# Intuitive meaning of the eigenvalues and eigenvectors of a reduced density matrix

I am trying to figure out the intuitive meaning behind the eigenvalues and eigenvectors of a reduced density matrix. I understand that of a density matrix- the eigenvalues are the probability the state will be measured in the corresponding pure state eigenvector. What about a reduced density matrix?

I am trying to figure out why all eigenvalues of a reduced density matrix having two-fold degeneracy is a sufficient condition for entanglement. Any insight here would be appreciated.

The interesting quantity of a density matrix (reduced or not) is its rank, that is, the number of non-zero eigenvalues it has. Rank 1 means the state is pure which can also be seen from the density matrix that takes the form of a projection on a single state $$\rho=|\psi\rangle\langle\psi|.$$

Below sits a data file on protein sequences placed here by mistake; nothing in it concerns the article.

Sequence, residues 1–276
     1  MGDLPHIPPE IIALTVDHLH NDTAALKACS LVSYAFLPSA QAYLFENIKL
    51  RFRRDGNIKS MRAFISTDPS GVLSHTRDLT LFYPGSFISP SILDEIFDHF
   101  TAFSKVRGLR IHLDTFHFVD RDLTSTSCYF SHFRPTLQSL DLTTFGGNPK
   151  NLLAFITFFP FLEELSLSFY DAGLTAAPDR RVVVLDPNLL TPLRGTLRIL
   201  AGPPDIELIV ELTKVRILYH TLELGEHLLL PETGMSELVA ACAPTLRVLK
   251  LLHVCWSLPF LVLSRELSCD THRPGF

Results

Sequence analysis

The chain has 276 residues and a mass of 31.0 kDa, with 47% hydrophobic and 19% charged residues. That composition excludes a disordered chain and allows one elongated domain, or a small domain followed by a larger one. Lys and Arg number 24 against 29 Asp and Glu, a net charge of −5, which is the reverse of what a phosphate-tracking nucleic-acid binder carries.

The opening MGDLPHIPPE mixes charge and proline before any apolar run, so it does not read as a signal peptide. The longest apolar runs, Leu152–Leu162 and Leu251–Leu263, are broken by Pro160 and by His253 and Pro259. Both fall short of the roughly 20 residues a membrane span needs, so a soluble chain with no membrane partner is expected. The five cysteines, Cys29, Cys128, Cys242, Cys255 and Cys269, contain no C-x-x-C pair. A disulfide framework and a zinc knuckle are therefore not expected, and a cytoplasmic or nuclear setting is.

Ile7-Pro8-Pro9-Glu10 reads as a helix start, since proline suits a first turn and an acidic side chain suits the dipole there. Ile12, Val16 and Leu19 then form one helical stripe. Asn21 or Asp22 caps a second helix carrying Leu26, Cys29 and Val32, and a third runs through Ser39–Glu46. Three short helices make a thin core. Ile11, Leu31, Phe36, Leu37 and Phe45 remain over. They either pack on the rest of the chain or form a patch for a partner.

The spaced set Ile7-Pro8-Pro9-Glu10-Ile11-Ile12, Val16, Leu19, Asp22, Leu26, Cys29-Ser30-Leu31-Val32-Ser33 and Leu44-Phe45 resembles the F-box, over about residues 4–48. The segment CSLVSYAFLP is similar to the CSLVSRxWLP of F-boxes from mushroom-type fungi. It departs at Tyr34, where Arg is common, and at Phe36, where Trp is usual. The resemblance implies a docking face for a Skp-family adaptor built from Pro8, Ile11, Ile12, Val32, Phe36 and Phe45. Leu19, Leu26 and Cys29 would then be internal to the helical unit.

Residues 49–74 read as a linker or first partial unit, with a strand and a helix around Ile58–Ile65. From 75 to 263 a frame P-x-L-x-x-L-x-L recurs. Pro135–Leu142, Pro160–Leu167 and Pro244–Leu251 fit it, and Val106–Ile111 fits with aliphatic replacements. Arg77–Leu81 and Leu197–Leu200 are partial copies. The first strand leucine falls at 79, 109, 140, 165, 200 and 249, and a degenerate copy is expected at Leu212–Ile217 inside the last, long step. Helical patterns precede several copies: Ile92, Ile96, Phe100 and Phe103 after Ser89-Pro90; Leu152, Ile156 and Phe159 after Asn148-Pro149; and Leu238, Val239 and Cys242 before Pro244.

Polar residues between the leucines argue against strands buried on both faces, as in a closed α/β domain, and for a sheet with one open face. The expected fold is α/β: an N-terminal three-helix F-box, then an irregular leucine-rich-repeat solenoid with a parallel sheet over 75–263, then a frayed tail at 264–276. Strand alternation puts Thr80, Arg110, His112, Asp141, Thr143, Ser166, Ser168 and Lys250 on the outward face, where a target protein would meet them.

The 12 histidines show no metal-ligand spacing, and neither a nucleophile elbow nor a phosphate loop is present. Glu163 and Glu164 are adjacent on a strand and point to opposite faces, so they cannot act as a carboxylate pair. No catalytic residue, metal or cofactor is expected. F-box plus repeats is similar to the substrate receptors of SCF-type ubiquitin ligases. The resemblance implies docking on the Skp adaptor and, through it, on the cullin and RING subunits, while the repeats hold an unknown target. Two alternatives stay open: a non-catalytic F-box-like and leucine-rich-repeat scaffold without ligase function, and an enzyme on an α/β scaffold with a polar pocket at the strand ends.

Higher rank density matrix implies the state is mixed. The eigenvectors associated with the different eigenvalues $$p_1,p_2,...$$ are the pure states in this mixture $$\rho=p_1|\psi_1\rangle\langle\psi_1|+p_2|\psi_2\rangle\langle\psi_2|+\ldots$$